2. "Finding Aid for the Copeland family papers Accession 2203". Hagley Museum and Library. Manuscripts and Archives Department. Retrieved 20 January 2017.
  3. "The origins of Mt. Cuba Center took root more than 80 years ago..." Mt. Cuba Center. Retrieved 10 February 2017.
  4. McFadden, Robert D. (July 3, 1983). "LAMMOT COPELAND SR. DEAD; LED DU PONT IN MAJOR GROWTH". The New York Times. Retrieved 27 January 2017.
  5. "The Forbes 400 : Walton Tops List of Richest Americans". Forbes. October 15, 1985. Retrieved 27 January 2017.
  6. "NATIONAL REGISTER DIGITAL ASSETS: Mount Cuba". National Park Service. Retrieved 27 January 2017.
  7. "Pamela Cunningham Copeland, 94". Antiques and the Arts Weekly. January 30, 2001. Retrieved 20 January 2017.
  8. Varley, Elizabeth (1995). THE DU PONT FAMILY LEGACY OF HORTICULTURE IN THE BRANDYWINE VALLEY (Thesis). University of Delaware. pp. 40–41. CiteSeerX
  9. Levine, Adam (2007). A guide to the great gardens of the Philadelphia region. Philadelphia: Temple University Press. pp. 171–174. ISBN 978-1-59213-511-0. Retrieved 27 January 2017.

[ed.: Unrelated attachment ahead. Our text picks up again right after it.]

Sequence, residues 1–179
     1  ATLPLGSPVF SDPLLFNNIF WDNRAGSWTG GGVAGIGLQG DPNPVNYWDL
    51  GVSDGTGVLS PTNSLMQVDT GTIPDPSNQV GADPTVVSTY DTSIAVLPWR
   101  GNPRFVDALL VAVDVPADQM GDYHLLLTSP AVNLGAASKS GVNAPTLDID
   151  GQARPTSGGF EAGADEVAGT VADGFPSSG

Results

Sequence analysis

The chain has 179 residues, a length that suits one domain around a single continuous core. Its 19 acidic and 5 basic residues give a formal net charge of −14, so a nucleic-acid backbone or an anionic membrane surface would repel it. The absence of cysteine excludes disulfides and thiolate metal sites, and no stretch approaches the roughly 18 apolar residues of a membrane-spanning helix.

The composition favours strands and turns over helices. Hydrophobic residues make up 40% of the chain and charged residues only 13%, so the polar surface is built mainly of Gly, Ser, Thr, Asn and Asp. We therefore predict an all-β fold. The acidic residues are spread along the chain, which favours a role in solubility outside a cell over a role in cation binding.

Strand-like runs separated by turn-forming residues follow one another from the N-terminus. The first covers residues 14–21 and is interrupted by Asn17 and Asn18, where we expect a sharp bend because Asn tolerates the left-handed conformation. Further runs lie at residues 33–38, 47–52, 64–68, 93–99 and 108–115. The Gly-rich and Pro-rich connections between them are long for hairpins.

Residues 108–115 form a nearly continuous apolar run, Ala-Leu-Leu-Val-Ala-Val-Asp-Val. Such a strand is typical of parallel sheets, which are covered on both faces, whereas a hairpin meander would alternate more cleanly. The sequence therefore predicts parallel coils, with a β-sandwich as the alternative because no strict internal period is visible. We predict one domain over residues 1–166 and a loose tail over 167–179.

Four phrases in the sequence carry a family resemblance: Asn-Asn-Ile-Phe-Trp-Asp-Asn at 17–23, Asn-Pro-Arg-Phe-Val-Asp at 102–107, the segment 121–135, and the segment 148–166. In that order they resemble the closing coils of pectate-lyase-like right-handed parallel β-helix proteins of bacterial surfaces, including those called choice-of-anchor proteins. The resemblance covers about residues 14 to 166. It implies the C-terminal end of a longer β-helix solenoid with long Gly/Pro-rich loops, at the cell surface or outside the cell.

10. "Awards presentation of the Pennsylvania Horticultural Society, 164th annual meeting, Wednesday, November 20, 1991" (PDF). Pennsylvania Horticultural Society. Retrieved 27 January 2017.
  12. Spraker, Eileen C. (March 20, 1986). "Greenville woman takes 47 awards in flower show". The News Journal from Wilmington, Delaware. 72. Retrieved 27 January 2017.
  13. Spraker, Eileen (March 19, 1987). "Wilmington club tops garden show Pamela Copeland captures Phila. horticultural sweepstakes trophy". The Morning News from Wilmington, Delaware. No. 63. Retrieved 27 January 2017.
  14. "Exhibitors Guide" (PDF). Pennsylvania Horticultural Society. p. 59. Retrieved 27 January 2017.
  15. "GCA Medal Winners: Achievement Medal". Garden Club of America. Retrieved 27 January 2017.